Summary: God’s gift of membership in his kingdom is a treasure that’s worth giving up everything else to possess. His gift of his revealed word is a treasure that we can bring out of our storerooms over and over again to apply to each new situation we find ourselv
Can you imagine this man? Perhaps he’s ploughing a field, just a paid worker, but he suddenly comes across a great treasure, just below the surface. He can’t believe his luck! But what’s he to do? He knows he can’t just take it. The field doesn’t belong to him. Perhaps it’s too big to dig up and take away in any case. But he’s filled with joy at the thought of owning this treasure.
So he covers it up again, goes home and sells up absolutely everything he owns, so he can get enough cash together to buy the field. You can imagine the champagne flowing as he celebrates his good fortune with his family. He’s set up for life.
Then there’s the merchant, a trader in precious pearls. He really knows his stuff! One day he comes across a superb pearl. It’s huge; its sheen is almost translucent and he realises that this specimen could make his fortune in the right market. And again he’s overjoyed at this discovery. He too is so overjoyed that he quickly goes home and sells absolutely everything he can lay his hands on so he can afford this perfect pearl.
Now can you see that the major theme in these two parables is joy? The joy of discovery, the joy of owning something that’s priceless, a joy that makes everything else fade into insignificance. This is a joy that’s life changing. These men have found a treasure that’s so great they’re willing to give up everything to get their hands on it.
Joy is an interesting thing isn’t it? Some people go searching for joy and never find it, while others find it in the simplest thing. And one of the most interesting thing about joy is that you can’t actually find it by looking for it. You won’t make someone joyful by just telling them to be joyful. You have to first point them to something that’ll be a source of joy for them.
C. S. Lewis in his book "Surprised by Joy" describes his pilgrimage towards a knowledge of God, which he describes as a search for Joy. At one stage of his description he talks about discovering that he’d been looking for the wrong thing. He says "I perceived that … I had been … wrong in supposing that I desired Joy itself. Joy itself, considered simply as an event in my own mind, turned out to be of no value at all. All the value lay in that of which Joy was the desiring."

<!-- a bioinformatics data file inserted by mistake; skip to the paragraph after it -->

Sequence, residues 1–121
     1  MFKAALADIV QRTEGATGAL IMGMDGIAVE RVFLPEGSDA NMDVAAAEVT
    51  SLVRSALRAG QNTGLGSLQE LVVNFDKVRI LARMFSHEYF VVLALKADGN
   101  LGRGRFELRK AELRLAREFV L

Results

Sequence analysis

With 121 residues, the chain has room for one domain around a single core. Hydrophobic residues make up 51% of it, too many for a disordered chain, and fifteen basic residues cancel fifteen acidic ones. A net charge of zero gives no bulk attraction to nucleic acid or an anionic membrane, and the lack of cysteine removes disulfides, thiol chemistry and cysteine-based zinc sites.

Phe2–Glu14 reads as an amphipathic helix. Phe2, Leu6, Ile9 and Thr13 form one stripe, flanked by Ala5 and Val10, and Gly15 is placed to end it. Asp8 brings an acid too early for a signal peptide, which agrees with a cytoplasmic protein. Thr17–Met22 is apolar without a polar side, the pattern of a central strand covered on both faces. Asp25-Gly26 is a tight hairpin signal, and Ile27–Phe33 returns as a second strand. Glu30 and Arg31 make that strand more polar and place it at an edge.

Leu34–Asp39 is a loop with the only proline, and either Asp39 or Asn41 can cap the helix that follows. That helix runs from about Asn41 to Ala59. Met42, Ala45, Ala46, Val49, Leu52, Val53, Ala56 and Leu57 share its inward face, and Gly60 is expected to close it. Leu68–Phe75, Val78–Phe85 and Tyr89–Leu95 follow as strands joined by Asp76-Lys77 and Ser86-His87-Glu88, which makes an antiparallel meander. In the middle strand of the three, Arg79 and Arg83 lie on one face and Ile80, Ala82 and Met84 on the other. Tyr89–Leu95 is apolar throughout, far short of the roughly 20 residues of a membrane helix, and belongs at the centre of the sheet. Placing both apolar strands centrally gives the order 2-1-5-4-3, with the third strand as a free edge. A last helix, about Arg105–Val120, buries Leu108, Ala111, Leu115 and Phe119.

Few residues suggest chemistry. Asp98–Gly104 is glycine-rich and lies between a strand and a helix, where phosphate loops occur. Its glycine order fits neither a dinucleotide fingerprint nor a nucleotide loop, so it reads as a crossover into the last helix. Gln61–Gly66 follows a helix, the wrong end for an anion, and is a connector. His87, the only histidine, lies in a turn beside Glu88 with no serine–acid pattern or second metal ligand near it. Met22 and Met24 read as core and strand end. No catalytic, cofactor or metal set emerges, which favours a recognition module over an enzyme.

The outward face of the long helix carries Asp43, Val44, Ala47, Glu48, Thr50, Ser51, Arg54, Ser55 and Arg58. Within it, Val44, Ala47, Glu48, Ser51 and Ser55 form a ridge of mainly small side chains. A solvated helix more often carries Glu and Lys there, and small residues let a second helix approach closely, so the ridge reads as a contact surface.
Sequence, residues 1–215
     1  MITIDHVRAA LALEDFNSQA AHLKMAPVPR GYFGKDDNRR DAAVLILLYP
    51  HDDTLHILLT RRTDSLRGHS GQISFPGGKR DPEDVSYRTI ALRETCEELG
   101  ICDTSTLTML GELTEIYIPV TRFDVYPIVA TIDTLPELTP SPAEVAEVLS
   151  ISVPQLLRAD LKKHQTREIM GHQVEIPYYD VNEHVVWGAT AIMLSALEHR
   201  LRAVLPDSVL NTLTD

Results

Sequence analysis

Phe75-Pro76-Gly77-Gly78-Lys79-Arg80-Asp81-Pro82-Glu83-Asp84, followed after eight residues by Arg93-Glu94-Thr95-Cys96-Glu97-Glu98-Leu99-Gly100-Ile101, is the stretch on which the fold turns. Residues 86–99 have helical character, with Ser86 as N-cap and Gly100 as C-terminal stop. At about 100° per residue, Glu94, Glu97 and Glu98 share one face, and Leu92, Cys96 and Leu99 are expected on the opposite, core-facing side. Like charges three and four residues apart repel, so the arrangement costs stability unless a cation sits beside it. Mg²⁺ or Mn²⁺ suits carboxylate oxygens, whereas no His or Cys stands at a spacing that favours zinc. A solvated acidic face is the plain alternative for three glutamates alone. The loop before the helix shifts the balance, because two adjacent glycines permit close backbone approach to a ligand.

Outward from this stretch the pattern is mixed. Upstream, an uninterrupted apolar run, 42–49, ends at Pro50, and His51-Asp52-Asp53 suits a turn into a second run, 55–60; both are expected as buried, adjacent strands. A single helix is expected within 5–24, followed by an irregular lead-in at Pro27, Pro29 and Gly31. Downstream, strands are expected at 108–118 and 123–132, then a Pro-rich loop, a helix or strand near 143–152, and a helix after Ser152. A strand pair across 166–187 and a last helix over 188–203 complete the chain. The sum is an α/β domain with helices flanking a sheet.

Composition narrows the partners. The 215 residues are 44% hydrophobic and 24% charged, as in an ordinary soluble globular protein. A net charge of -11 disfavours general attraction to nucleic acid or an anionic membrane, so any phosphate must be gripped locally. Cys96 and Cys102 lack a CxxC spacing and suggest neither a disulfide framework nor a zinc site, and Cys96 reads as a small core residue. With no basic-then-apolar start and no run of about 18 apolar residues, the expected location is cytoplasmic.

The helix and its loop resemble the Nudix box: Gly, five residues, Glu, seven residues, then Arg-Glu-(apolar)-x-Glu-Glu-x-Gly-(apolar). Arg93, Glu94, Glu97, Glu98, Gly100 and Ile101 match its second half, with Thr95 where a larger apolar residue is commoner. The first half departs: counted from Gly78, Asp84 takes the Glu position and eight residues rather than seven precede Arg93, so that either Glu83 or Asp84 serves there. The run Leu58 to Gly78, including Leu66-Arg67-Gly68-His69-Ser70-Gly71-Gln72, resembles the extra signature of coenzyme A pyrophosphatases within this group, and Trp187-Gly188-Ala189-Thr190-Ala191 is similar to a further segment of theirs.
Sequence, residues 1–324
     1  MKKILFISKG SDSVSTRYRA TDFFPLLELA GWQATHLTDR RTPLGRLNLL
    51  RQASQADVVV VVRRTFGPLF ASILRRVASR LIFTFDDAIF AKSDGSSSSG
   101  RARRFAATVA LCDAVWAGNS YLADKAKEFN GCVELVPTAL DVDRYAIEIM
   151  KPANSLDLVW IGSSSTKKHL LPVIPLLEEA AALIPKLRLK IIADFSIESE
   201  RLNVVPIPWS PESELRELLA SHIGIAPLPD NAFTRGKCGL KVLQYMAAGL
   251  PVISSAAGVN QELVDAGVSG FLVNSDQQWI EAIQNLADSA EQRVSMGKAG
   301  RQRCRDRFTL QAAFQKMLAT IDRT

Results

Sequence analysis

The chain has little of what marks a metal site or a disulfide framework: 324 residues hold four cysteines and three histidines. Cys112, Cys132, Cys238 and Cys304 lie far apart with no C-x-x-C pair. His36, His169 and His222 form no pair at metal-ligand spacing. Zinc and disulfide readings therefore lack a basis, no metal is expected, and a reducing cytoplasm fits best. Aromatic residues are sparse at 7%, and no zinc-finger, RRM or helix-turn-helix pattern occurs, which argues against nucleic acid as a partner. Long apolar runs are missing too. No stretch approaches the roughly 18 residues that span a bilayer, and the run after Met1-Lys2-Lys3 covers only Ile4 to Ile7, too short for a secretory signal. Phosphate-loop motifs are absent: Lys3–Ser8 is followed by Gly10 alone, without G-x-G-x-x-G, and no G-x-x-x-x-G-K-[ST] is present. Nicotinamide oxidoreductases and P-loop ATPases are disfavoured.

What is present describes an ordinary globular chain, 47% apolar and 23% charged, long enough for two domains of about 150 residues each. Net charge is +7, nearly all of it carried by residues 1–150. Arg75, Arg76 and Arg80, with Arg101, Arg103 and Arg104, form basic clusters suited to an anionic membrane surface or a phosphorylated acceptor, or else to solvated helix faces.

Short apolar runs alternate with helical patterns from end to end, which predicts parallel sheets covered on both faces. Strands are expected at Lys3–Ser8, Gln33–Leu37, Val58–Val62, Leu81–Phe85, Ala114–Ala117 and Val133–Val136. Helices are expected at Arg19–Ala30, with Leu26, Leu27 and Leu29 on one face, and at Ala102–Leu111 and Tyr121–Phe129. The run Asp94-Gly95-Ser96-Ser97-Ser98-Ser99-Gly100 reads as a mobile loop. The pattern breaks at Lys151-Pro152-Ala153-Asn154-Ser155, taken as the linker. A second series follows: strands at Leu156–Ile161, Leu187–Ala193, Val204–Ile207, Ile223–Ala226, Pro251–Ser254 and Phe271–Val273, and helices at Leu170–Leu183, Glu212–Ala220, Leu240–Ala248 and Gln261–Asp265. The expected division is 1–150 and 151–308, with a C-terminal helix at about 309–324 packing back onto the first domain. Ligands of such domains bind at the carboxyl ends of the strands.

His problem was that he was looking for something that he noticed other people had: this joy. The problem was, he hoped to find it outside of Christianity, which he could only think of, at that stage, as mere mythology. He tells how one day as he travelled alone on a bus he was presented with a choice. He suddenly became aware that he was holding something at bay or shutting something out. He says it was as though he was wearing some sort of stiff clothing like a corset, or even a suit of armour, as though he were a lobster. He felt himself at that moment being given a choice, to unbuckle the armour or to keep it on; to open the door or shut it. It was a completely free choice, without threat or promise.
Well, he chose to open up, to remove the armour. But still that wasn’t it. He still hadn’t found the source of joy. All he’d done was take a step in the right direction. He still had to encounter Jesus Christ, God incarnate. It was when that happened, he says, that his life was changed around. And ironically, from that point on, joy itself became unimportant. It was valuable only as a pointer to something other and outer.